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dispositions, evolution of preferences, selection dynamics, perception biases, interdependent preferences, imperfect observability

dispositions, evolution of preferences, selection dynamics, perception biases, interdependent preferences, imperfect observability Minimize

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Read My Lips, Watch for Leaps: Preference Equilibrium and Political Instability

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As norms and tastes adapt to the social conditions shaped by policy variables, voters' opinions about these policies may evolve as well. We show how this process can lead to political instability. Moreover, if a politician's platform is shaped opportunistically so as to gain the majority's support, once in office the politician should not implem...

As norms and tastes adapt to the social conditions shaped by policy variables, voters' opinions about these policies may evolve as well. We show how this process can lead to political instability. Moreover, if a politician's platform is shaped opportunistically so as to gain the majority's support, once in office the politician should not implement the promised policy in order to remain popular and get re-elected. Rather, the effective policy in this respect is the one which will be deemed optimal by most voters after the norms and opinions will adjust to that very policy. Copyright 2006 Royal Economic Society. Minimize

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Aspiration Traps

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Fundamental choices, like location or education, affect the attitudes and beliefs with which the individual will analyze future day to day decision problems. These effects cannot be assumed to be transparent to the individual. To restore methodological discipline in the analysis of such choices, we propose a solution concept based on an idea of ...

Fundamental choices, like location or education, affect the attitudes and beliefs with which the individual will analyze future day to day decision problems. These effects cannot be assumed to be transparent to the individual. To restore methodological discipline in the analysis of such choices, we propose a solution concept based on an idea of consistency: the individual should not regret her fundamental choices after her preferences and beliefs have adjusted thereof. We show that even single person decision problems admit multiple, Pareto-ranked solutions: the individual might be stuck in an aspiration trap. Minimize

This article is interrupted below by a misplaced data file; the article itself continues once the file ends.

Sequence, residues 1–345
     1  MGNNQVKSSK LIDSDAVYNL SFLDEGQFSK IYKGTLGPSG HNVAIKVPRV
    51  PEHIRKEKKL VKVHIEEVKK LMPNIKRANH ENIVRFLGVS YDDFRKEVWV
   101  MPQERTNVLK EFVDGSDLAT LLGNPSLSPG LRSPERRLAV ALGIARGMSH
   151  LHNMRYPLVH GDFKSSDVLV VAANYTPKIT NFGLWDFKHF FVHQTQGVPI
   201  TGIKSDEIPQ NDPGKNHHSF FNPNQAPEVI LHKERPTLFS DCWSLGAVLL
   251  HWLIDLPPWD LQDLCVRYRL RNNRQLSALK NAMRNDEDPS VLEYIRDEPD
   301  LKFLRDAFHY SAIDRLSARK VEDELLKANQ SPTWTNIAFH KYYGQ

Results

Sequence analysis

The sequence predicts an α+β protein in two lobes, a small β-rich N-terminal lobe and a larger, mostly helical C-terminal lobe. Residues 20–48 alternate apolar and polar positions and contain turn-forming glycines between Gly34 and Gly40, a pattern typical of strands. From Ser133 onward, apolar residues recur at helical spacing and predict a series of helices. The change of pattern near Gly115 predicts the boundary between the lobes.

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Rationalizable Expectations

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Consider an exchange economy with asymmetric information. What is the set of outcomes that are consistent with common knowledge of rationality and market clearing? We propose the concept of CKRMC as an answer to this question. The set of price functions that are CKRMC is the maximal set F with the property that every f?F defi?nes prices that cle...

Consider an exchange economy with asymmetric information. What is the set of outcomes that are consistent with common knowledge of rationality and market clearing? We propose the concept of CKRMC as an answer to this question. The set of price functions that are CKRMC is the maximal set F with the property that every f?F defi?nes prices that clear the markets for demands that can be rationalized by some profile of subjective beliefs on F. Thus, the difference between CKRMC and Rational Expectations Equilibrium (REE) is that CKRMC allows for a situation where the agents do not know the true price function and furthermore may have different beliefs about it. We characterize CKRMC, study its properties, and apply it to a general class of economies with two commodities. CKRMC manifests intuitive properties that stand in contrast to the full revelation property of REE. In particular, we obtain that for a broad class of economies: (1) There is a whole range of prices that are CKRMC in every state. (2) The set of CKRMC outcomes is monotonic with the amount of information in the economy. Minimize